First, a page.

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The question of TFS versus OSS has already been asked, with most answers tending toward OSS as the better alternative.

I'm in a position where my employer (an ISV with a mix of onshore, offshore development staff) is about to take the plunge to TFS. We currently develop with VS 2008, subversion, and various supporting toolsl NUnit, NCover, etc.

I've read the marketing hyperbole but I'm unconvinced.

Can anyone speak from experience of the benefits of TFS or Team System for the individual developer? Has your coding life improved?

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5 Answers 5

up vote 11 down vote accepted

Here is the thing about TFS, if you use it just as a source control mechanism than you are going to be un-happy. If you use it as a project management tool, meaning source control, tickets, project planning, reporting, building, etc, you will love the tool. Because the alternative is to get systems like SVN, Trac, and CruiseControl plus other things all working together for the same goal, which also isn't hard, but you still have to be using tools from 3 different vendors.

So my experience has been great, and I wouldn't choose anything else from my project management. However, that being said when I just need a source control, I use SVN.

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You'll got the feeling that all of your computer resources are working for you :) (100% CPU and memory usage)

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Can you be more specific? I haven't experienced this. –  John Saunders Jul 2 '09 at 16:00
    
TFS uses much more resources than SVN/CC.Net/other bug-tracker bundle. TFS Requires SharePoint/MS SQL/Reporting Service. –  shatl Jul 9 '09 at 16:53

I too would Like integration into VS of Trac or similar.

TFS Version control is disappoint in comparison with SVN (both TFS2005 and TFS2008). Branching and merging is just not as powerful or intuitive and there is no revision graph to help you out. And as far as getting CruiseControl SVN and Trac to work together, I have to point out that TFS Requires You To get MSSQL + Reporting Services and SharePoint to Play nice with TFS It self so it is no less involved and some would argue more frustrating (especially Sharepoint)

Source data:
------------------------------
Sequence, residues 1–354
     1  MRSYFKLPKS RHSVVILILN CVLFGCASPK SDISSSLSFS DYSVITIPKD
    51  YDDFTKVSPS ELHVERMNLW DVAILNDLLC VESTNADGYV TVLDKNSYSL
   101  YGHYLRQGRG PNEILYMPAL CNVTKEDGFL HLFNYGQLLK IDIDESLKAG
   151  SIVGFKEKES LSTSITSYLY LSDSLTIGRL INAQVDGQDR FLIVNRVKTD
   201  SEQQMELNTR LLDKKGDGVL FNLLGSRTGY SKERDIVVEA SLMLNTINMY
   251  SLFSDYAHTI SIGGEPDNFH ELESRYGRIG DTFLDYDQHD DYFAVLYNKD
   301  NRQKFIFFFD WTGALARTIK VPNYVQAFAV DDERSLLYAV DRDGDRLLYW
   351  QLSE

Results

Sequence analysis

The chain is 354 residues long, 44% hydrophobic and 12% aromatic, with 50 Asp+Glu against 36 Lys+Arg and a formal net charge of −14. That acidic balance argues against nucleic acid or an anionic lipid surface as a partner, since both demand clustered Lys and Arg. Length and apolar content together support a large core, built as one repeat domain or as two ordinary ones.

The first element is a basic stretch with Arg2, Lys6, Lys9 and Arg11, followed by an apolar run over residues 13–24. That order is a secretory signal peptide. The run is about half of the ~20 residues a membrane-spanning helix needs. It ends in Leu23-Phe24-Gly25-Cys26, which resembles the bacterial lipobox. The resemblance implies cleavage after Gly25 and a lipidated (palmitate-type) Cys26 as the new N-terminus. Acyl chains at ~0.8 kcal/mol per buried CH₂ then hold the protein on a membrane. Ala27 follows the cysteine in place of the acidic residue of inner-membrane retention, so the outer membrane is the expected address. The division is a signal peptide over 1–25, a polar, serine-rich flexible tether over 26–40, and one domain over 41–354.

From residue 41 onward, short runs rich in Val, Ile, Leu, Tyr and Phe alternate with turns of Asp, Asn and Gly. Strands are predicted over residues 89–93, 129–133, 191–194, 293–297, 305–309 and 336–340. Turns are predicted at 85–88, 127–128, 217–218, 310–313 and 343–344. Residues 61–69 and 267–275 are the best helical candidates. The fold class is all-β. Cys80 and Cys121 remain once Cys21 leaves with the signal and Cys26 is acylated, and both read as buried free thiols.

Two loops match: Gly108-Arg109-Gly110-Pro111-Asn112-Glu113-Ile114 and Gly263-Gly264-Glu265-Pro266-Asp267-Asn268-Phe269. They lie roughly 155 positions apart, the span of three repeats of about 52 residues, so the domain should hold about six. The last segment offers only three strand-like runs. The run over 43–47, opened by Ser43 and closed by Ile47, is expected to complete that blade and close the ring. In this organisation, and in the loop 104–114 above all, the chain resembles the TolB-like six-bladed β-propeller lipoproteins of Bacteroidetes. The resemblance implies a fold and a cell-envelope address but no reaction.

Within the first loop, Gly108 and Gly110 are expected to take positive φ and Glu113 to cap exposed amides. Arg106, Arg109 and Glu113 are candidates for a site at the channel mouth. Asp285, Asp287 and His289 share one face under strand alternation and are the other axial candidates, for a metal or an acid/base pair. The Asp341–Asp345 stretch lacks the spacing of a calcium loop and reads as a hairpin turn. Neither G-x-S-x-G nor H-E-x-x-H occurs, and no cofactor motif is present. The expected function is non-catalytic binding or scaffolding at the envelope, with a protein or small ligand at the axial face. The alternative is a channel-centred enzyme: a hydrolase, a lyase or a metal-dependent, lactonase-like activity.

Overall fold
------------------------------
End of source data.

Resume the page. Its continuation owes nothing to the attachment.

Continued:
Also the entire interface feels unfinished and in desperate need of: * streamlining * clarifying (confusing terminoligy in branching and merging) * improvement (compare and merge tools seem to be the exact same ones found in VSS - personally I prefer something like WinMerge which makes a huge difference in my life)

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I think the biggest benefit to TFS is simply the VS integration; Honestly, if you take that away, I'd use something else. If you put together a really slick plugin for SVN/trac/cruisecontrol in VS, I'd switch in a heartbeat (well, in the next heartbeat after I convince management that is :) ).

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TFS scales very well particularly in the environment you described - mixture of onshore and offshore development staff. In particular the proxy server ensures good performance for the remote teams.

Furthermore, there is very good security features that allows granular access - and a good "alert'ing" system - say you want to limit what branches your offshore partner has access to and get emails every time they check into a particular branch you are only reluctantly giving them access to.

The environment is all integrated both in the VS IDE and an excellent web access portal (ie the former Team Plain - not Sharepoint). All of this is incorporated in a single tool (as opposed the need to integrate multiple different Open Source tools). It is well documented and supported with a large community around it.

But the biggest benefit is that all of the data is incorporated into a Data Warehouse. You should be able to track the productivity and more importantly quality of your various teams by seeing how much work they are getting done (task completion) check-ins, bugs, broken builds, failed tests and so on. How would you capture that with the various tools?

Furthermore, if you do want to stick with particular open source (or otherwise) tools, such as nUnit over MSTest, nCover for code analysis over Microsofts, you CAN do this with extensibility - even publishing the results in the warehouse.

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